Challenge: The fear of becoming someone that no one would like. She felt comfortable in her role of adapting herself to what others wanted from her. She kept giving and giving and hoping that someone would recognize her and give back someday. Since that had never worked, she was afraid that if she dared to be her true self she would be left totally alone.

Solution: Explore her worst fears. Be herself and see what happened. Make her preferences known. Ask for what she needs. She could always revert back to her old self, if she didn’t like the early results that we got in the first couple of weeks of implementing The Dynamic Divorcee. We took steps in a way that felt safe every time because we would implement, watch what happened, and then discuss in our next call.

The Transformation: We worked on so many things. First, getting respect and attention from her children by asking for what she wanted (things that had never happened in her life before: flowers for Valentine’s Day, time together on Mother’s Day . . .). She was shocked at how easy it was, and how much her kids really cared about her feelings once she talked things over with them. She used the same kinds of techniques with friends, and took the lead in scheduling get-togethers. She learned to set boundaries when she felt friends asked too much of her and didn’t value her time. She wanted, and got, fun time with her friends and no longer felt used as someone who was never called unless someone needed something. She easily made the move away from her ex-husband’s hometown to a place closer to a beloved area of natural beauty where she rekindled her love of nature photography. And, she got a better job nearby. Things she thought would be impossible fell into place because of step-by-step coaching in which she experienced her own abilities and value as a human being while we just took one thing at a time and built a new life from those steps.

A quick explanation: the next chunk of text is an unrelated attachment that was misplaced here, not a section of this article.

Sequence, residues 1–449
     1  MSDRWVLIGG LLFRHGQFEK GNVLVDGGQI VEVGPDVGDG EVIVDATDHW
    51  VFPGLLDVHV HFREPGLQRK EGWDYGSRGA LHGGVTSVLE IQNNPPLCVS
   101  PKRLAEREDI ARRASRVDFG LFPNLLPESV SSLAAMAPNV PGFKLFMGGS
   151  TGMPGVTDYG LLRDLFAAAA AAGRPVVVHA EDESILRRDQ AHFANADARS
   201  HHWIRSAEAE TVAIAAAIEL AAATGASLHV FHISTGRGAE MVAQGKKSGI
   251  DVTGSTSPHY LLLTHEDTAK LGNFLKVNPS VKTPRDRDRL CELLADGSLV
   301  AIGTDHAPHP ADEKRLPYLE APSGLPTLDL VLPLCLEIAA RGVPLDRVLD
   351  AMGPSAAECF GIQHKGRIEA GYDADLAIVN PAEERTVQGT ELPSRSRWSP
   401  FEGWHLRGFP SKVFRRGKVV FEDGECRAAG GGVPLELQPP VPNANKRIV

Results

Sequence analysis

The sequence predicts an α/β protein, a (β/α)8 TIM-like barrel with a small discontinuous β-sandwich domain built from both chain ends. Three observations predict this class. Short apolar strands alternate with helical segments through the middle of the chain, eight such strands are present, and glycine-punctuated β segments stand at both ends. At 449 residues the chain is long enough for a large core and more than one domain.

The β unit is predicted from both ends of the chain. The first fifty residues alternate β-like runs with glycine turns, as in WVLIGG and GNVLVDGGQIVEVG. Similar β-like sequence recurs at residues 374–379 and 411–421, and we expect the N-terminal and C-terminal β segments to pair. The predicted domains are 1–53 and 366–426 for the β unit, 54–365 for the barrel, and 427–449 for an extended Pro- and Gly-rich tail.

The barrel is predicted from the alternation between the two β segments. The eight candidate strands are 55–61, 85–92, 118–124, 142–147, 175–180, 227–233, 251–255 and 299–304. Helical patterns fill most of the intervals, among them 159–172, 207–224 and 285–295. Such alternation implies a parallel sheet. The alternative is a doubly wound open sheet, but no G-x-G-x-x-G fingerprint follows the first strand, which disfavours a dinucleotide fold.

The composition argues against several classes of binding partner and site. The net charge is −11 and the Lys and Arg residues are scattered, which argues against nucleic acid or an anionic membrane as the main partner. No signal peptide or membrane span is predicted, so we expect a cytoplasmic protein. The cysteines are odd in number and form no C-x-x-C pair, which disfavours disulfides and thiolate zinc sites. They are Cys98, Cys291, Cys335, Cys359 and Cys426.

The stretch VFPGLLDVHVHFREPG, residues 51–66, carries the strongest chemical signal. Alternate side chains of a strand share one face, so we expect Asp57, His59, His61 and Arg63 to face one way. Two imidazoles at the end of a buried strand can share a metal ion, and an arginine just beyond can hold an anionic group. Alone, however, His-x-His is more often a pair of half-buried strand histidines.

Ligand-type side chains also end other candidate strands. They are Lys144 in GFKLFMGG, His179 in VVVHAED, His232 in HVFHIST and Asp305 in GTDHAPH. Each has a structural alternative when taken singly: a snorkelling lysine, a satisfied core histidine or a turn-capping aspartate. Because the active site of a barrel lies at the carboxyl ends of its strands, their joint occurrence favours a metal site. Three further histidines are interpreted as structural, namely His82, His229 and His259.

Today: She recently made one more move: She is now living in her absolute dream location with a new job (again conveniently located). She’s free to explore the wilds of her favorite landscape while still near enough to many of her best and most supportive friends (who also live in the area). She leaves behind a host of other friends and co-workers who love her a lot. She now knows that she is first choice for many people. Will she find “the one”? It’s not as big of a priority now because total freedom is a nice thing to have. It’s fun not to have to compromise who she is for anyone. But, she also knows how to explore dating from a position of strength and let the right one find her, if he can.

Do You Identify With This Story?

Would you like to explore how to heal the heartbreak of your divorce and find a way to let those experiences light your way into the future? Your life so far does not need to continue to predict your future. It can help you create a happier future, instead.

Would you like to experience greater understanding of where your life has taken you, and how you can transform those experiences into beauty, power, and strength?

Click here to tell me a little bit about your situation.